I was once a Contributing Writer for Hockey magazine, which was published in Southport, Connecticut. It billed itself as “The Quality Hockey Magazine” for its collection of great writers. This brought me absolutely no notice in my own country, however, since it didn’t circulate in Canada. I had made the acquaintance of its Montreal correspondent, the late Keith Bellows, through a mutual friend there. He was soon named editor and asked me to cover the west. I wrote stories out of Calgary, Edmonton, Vancouver and L.A. My lone cover story was on Dave Taylor of the Kings, who leveraged it to negotiate a contract that was even richer than Wayne Gretzky’s then was. You can still buy a copy of that issue on eBay for $20. Hockey magazine went out of business in 1982, owing me $550.
Red Line, Blue Line, Bottom Line in 2004. Babych, however, was focused throughout the game on his stand-in, who was running the power play and penalty kill. I recall that the 16-year-old had a breakout performance as a result of the opportunity. Jim Benning would go on to score 139 points in 72 games the next season and be picked fifth overall by the Maple Leafs, for whom he scored 51 points in 1983-84. He even spent a few years playing for the Canucks while I was a season ticket holder in the late 1980s. His lack of size, however, held him back in what was then a very different NHL. If Benning had played under today’s rules, he would have lit up the league like Quinn Hughes is doing now. Instead the Canucks finally demoted him in 1990 to their minor-league team in Milwaukee and his career was effectively over.
Little did I know then that Benning would one day be charged with running the Canucks and finally delivering the Cup for which we long-suffering fans have thirsted. His drafting has undoubtedly been the team’s best ever, and the collection of young stars he has assembled is acknowledged by most to be its finest core yet. Canucks fans are notably impatient, however, and after enjoying top-10 draft choices from 2016-19, they want results now. The team’s surprising performance in last year’s post-season bubble only piqued their appetite, to mix metaphors badly. Getting to the Final Five only to lose in a heart-breaking seventh game was what I compare to a “false spring,” that 15-degree sunny day in February which provides a preview of warmer weather to come. This year, of course, the whole world has been turned upside down by a pandemic in which the team was unable to even play pre-season games, yet still fans and some nattering nabobs in the online media demand results now. They don’t understand that this team was not built to play in a speedy all-Canadian division but instead to compete against the heavier California teams and then win in the playoffs. They don’t realize that the Canucks had a record of .333 against Canadian teams last season, so they were surprised when the team opened the season at a similar pace. Slowly but surely the team has pulled itself back into the playoff race by briefly hitting .500 and it currently sits only two points back of fourth-place Montreal with 19 games to play. But still the naysayers howl that Montreal has games in hand and urge Benning to trade off his pending free agents. Luckily he knows much better how to run the team than do the nattering nabobs of negativity. A patient man, he will stay the course and we will all thank him in the end. Well, most of us, anyway. It seems that Benning has some downright haters.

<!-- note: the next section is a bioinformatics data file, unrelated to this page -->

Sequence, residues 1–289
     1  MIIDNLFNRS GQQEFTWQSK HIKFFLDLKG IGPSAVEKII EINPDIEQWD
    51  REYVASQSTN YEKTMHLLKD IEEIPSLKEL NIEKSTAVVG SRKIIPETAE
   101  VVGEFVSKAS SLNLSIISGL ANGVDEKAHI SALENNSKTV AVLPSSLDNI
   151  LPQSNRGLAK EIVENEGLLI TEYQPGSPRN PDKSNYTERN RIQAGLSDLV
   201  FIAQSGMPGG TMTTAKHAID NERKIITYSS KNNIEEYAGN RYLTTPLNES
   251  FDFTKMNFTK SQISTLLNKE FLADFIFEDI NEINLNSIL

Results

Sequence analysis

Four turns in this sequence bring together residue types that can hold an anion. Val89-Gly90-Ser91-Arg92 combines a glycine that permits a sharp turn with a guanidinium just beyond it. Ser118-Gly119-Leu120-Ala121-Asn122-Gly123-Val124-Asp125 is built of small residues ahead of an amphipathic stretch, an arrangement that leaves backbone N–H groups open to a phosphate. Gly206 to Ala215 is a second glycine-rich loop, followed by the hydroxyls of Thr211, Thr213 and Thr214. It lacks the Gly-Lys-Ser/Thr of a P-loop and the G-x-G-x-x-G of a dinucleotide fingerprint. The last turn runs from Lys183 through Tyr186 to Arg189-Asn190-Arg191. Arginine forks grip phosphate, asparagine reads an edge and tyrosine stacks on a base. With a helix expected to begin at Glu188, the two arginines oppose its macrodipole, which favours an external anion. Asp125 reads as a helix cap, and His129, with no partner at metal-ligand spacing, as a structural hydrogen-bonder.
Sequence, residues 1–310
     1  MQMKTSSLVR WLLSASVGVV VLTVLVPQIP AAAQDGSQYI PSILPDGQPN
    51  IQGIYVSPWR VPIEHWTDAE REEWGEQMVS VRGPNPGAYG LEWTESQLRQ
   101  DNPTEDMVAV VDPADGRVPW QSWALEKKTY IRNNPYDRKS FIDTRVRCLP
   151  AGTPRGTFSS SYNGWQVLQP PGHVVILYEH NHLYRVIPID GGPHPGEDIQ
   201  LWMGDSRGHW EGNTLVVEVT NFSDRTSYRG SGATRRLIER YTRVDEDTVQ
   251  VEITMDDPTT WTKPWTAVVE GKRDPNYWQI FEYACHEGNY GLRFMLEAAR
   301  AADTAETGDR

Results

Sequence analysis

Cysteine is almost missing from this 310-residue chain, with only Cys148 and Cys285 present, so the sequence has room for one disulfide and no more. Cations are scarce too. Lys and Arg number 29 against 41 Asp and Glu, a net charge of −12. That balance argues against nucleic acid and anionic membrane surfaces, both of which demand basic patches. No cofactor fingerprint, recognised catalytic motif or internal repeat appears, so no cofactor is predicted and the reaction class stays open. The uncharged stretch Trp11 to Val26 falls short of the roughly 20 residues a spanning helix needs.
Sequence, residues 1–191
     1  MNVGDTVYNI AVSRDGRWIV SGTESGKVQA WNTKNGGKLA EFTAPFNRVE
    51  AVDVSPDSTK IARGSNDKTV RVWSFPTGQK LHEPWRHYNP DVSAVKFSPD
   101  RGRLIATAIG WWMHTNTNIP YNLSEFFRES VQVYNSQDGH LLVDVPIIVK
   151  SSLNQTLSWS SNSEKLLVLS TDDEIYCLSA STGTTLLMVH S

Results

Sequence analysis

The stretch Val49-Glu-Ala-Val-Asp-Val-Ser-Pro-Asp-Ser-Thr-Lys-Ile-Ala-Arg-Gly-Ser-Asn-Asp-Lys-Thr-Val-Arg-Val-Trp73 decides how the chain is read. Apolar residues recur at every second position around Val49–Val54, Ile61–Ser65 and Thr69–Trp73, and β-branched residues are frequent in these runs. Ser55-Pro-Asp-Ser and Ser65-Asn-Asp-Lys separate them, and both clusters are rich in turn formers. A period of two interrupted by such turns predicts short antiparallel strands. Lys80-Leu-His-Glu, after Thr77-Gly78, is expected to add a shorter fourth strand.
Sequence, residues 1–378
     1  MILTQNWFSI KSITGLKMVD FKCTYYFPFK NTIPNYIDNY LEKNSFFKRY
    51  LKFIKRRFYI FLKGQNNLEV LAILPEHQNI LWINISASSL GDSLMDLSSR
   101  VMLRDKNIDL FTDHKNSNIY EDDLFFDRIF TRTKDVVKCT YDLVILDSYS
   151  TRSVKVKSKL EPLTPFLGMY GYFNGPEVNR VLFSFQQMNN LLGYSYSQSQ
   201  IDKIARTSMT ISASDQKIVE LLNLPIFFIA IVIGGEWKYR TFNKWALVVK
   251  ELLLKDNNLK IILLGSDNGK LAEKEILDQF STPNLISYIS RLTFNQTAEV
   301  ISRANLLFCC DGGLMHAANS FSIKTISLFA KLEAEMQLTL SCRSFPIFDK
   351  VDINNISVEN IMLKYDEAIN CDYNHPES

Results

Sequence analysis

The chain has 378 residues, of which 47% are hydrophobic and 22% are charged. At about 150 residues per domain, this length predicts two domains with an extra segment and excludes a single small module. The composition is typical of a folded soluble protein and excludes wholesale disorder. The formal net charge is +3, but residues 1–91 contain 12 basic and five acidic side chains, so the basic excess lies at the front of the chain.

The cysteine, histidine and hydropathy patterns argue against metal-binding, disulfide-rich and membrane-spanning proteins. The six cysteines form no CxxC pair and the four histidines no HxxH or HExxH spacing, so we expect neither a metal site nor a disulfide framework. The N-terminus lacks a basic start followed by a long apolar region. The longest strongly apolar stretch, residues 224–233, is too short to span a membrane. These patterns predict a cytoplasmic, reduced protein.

Worst of all, they mock the slow-talking Albertan. Honest and genuine to a fault, he keeps handing them ammunition, like a recent comment about PowerPoint presentations and things jotted down on pieces of paper. The latest came when he gave his first press conference in a long time and responded to a question by saying that the team was about two years from contending for the Cup, which seems about right given the youth of his squad. The trolls had a field day with that one. But a more enduring meme has ensued from his mention that “we live day to day, like we’re in today’s world.” It seems a sensible strategy in a business with yearly timelines. You still have to be vigilant enough to jump on opportunities like Benning did recently, picking up Jimmy Vesey and Travis Boyd on waivers from talent-laden Toronto. The phrase has been hung around his neck like an albatross, however, by fans and media members who want him fired for poor performance.
But those who have been following the Canucks for the past 50 years well realize that, aside from a few overly-generous UFA signings, Benning’s performance has been outstanding. Taking things day to day can actually be a recipe for success, like the slow and steady tortoise that wins the race. It brings to mind a song of similar title by local band Doug and the . . . er, Slugs.
Day By DayBad news don't ruin my appetiteDon't let the papers tell me if it's wrong or rightI just do what I do and I do itDay by day by day by dayLive a life, might take it slowMade mistakes but oh that's the way it goesI just know what I know and I know itDay by day by day by dayDay by day I'm feeling strongerDay by day I'm lasting longerDay by day you help me make my way
I’ve got a great idea. Just like Blues fans did a couple of years ago with the song Gloria, true Canucks fans should make this their theme song. They can learn its lyrics by heart and sing it before, during, and after games in an effort to spur the team on and pay fealty to its visionary GM. It could even be the theme song for the Larschcast. I fully expect it to be playing at Rogers Arena soon.
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